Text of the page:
Jacksonville, FL – Five protesters were finally released on bail from Jacksonville jail on Saturday evening, April 8. The protesters were arrested and several were beaten at a “No War in Syria” rally held on April 7, where police allowed a right-wing provocateur with a Trump flag to enter the protest and physically assault speakers and organizers of the rally.
Instead of stopping the provocateur, the police descended upon Connell Crooms, a deaf Black man, who the provocateur had assaulted. The police savagely beat, kicked and tased Crooms - who is a well-known union activist and Black Lives Matter leader in Jacksonville - until he was unconscious and had to be taken to the hospital. The police also beat and arrested a 74-year-old Vietnam veteran, Willie Wilder; the leader of the Jacksonville Coalition for Consent Christina Kittle; and a transgender activist Toma Beckwith. Finally, the police arrested prominent union leader and activist Dave Schneider and charged him with “felony inciting a riot” for organizing the protest. Police did not arrest the provocateur who assaulted protest participants.
The Jacksonville community quickly rallied to the defense of their beloved community leaders and activists. On April 8, over 200 people, including leaders in the labor movement, Black community, and progressive groups assembled to demand that all the charges against the Jacksonville 5 be dropped. Supporters chanted “Drop the charges” and the mother of Connell Crooms gave a tearful testament to Connell's character. Community leaders called for a full independent investigation into the police misconduct on April 7, and an investigation into the police spying program on progressive activists in Jacksonville. Just weeks earlier, Jacksonville's Florida Times Union reported that the Jacksonville Sheriff's Office (JSO) had been spying on protesters, amongst them, Dave Schneider, Connell Crooms and Christina Kittle.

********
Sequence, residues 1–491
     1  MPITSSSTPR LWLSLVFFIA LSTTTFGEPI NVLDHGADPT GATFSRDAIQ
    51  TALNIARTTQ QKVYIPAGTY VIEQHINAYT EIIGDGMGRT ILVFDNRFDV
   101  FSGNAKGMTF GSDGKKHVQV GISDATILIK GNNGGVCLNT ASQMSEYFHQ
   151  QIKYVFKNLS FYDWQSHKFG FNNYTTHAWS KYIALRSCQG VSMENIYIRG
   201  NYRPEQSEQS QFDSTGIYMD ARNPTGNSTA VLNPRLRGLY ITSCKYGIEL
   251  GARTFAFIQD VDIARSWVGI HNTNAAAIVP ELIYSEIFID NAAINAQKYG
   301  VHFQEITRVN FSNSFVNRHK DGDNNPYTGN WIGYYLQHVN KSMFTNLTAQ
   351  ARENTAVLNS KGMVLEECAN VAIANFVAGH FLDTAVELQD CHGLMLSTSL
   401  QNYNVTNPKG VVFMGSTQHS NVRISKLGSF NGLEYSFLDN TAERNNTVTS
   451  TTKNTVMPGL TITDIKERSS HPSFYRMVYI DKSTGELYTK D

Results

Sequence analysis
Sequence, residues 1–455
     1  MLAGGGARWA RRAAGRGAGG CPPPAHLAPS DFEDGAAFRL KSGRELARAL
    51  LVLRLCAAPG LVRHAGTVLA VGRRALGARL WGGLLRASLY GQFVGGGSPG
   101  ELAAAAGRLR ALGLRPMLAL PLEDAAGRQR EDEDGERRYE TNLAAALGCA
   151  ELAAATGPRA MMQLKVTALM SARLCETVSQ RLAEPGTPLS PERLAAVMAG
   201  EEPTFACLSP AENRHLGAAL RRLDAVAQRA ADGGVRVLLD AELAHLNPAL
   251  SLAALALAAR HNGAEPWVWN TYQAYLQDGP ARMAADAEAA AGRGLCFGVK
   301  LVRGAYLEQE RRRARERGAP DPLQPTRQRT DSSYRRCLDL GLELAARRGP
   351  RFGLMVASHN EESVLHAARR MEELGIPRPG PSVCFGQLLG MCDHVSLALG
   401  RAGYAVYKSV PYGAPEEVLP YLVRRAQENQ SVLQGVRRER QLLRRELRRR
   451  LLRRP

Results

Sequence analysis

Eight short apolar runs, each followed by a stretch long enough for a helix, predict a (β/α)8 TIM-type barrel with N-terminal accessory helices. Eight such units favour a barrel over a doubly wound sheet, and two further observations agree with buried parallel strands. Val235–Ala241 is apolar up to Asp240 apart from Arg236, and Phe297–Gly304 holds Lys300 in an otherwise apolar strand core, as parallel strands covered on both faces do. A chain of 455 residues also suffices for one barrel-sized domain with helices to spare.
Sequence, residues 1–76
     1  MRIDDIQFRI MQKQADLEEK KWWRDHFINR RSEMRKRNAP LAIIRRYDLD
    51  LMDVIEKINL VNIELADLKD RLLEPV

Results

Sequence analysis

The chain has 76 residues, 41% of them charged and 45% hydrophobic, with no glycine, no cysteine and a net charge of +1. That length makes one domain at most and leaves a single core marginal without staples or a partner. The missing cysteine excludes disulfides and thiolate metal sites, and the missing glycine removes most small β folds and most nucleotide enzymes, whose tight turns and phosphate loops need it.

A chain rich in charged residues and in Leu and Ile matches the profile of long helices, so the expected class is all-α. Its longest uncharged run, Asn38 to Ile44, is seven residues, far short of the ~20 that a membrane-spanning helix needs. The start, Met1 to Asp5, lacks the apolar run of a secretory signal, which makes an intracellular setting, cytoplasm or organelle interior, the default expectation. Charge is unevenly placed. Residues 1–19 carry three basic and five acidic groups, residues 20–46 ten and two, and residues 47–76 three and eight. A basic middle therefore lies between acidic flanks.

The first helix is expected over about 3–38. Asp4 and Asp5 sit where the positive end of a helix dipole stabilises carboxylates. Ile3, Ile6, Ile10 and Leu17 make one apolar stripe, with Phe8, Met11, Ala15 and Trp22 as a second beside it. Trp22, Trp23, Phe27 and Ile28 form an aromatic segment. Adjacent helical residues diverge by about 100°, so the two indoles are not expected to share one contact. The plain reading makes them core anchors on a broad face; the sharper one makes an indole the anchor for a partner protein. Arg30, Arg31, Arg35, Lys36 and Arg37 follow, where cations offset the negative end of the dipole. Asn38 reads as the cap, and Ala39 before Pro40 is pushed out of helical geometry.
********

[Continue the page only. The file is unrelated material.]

Police issued a trumped-up press release claiming that the protesters had “incited a riot” and they attempted to demonize the arrested activists. However, dozens of people took video of the police brutality and the actions of the provocateur whose social media pages contains ties to white supremacy groups.
The JSO then prevented family members from seeing loved ones at the hospital and arbitrarily changed rules at the jail to close off the first appearance hearings. Some family members drove from out of state to be present at these hearings and were at first told the rules of the court. Officials then informed friends and family that only family with the same last name would be allowed. This was again changed to only “parents” were allowed in until they finally settled on shutting off the courtroom entirely and kicking attendees out of the waiting area.
To add insult to injury, the total bail amount issued by the court for all five arrestees came out to over $157,000. Despite this outrageous amount, activists and families were quickly able to mobilize national support and raised the money necessary for bonds in a matter of hours.
There is a continuing fight to drop the charges and investigation into abuses by the JSO. Supporters will soon be able to donate to the legal defense fund.